Talent drain sinks 'Britney'
November 6, 2001
POP MUSIC REVIEW BY JIM DEROGATIS
A palpable air of desperation permeates "Britney," the third album by
teen-pop phenom Britney Spears, which arrives in record stores today.
Rarely in pop history has an attractive young diva's attempt to seduce us
sounded so desperate. Never has a coldly calculated sexual come-on been so
Hey, Britney: Why not just douse us with a bucket of ice water while
you're at it?
"Britney" presents two kinds of serious problems. First are the purely
musical--above all the fact that Spears cannot sing. True, this has not
stopped other dance-pop divas, Janet Jackson and Jennifer Lopez among them.
But while the grating nature of Spears' helium chirp was well-masked by
the sugar-coated hooks cooked up by Swedish producer Max Martin on the
12-million-selling "...Baby One More Time" and the 10-times-platinum "Oops!
I Did It Again," her shortcomings as a vocalist become glaringly apparent on
"Britney" in new tracks crafted by hip-hop duo the Neptunes and R&B giant
Though there are different levels of inability, Spears is much worse than
Lopez or Jackson. If there was a most valuable player at these recording
sessions, it was no doubt the computerized pitch-shifter employed to place
Spears vaguely in the same key as the toy-store melodies and cheap
electronic backing tracks.
The other problem is more intriguing: How can this bubble-gum queen
retain her core audience of teenyboppers as they undergo the inevitable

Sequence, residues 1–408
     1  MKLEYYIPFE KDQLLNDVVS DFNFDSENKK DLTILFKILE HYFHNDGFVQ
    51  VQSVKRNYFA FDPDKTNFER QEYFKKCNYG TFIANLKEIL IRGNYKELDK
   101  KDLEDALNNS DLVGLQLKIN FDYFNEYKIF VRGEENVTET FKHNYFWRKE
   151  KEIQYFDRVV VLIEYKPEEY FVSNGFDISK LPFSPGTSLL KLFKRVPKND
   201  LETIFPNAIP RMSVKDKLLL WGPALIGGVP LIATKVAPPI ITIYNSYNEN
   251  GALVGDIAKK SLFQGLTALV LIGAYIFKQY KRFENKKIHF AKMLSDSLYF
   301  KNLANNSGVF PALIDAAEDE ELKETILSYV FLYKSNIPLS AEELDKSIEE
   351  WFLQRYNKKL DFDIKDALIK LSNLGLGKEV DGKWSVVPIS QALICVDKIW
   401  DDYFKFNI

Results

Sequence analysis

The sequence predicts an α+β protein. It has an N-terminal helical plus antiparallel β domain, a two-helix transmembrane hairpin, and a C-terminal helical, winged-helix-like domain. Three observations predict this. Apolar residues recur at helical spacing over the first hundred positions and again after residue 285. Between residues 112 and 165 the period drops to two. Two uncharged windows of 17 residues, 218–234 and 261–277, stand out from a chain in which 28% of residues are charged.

process of growing up and discarding the trappings of youth, including the
Britney music they loved as pre-teens?
Part of Spears' strategy is to try to stay one step ahead of the kids.
She gives us a bevy of "ultra-personal" new tunes (she allegedly co-wrote
five of the 12 ditties on the new album) filled with a lot of florid lyrical
hoo-ha revolving around that fact that, to paraphrase the title of one song,
she's not a girl, not yet a woman.
The Louisiana-born singer turns 20 on Dec. 2, and I'm certain that her
accountants and the plastic surgeon who allegedly enhanced her bust size
would scoff at her protestations that she is not yet an adult. But let's set
that aside for a moment.
While she's trying to address the awkward period between childhood
naivete and adult awareness, Spears ratchets up the very-NC-17 Lolita
temptress routine introduced on "Oops!," and now takes it to vulgar new
levels as she breathes heavy and whispers dirty little nothings in the ears
of older male listeners through porno soundtrack fodder such as "Boys" and
"I'm a Slave 4 U."
In this postmodern era, many artists attempt to be different things to
different listeners. But despite the advances of modern science, it's still
impossible to be a virgin and a whore at the same time, regardless of how
hard Britney tries.
Then add to the inherent cynicism of Spears' current act a lot of
self-obsessed whining about the hard life of a superstar ("Overprotected,"
"What It's Like to Be Me"), and you have an album that is spectacularly,
phenomenally annoying on almost every level.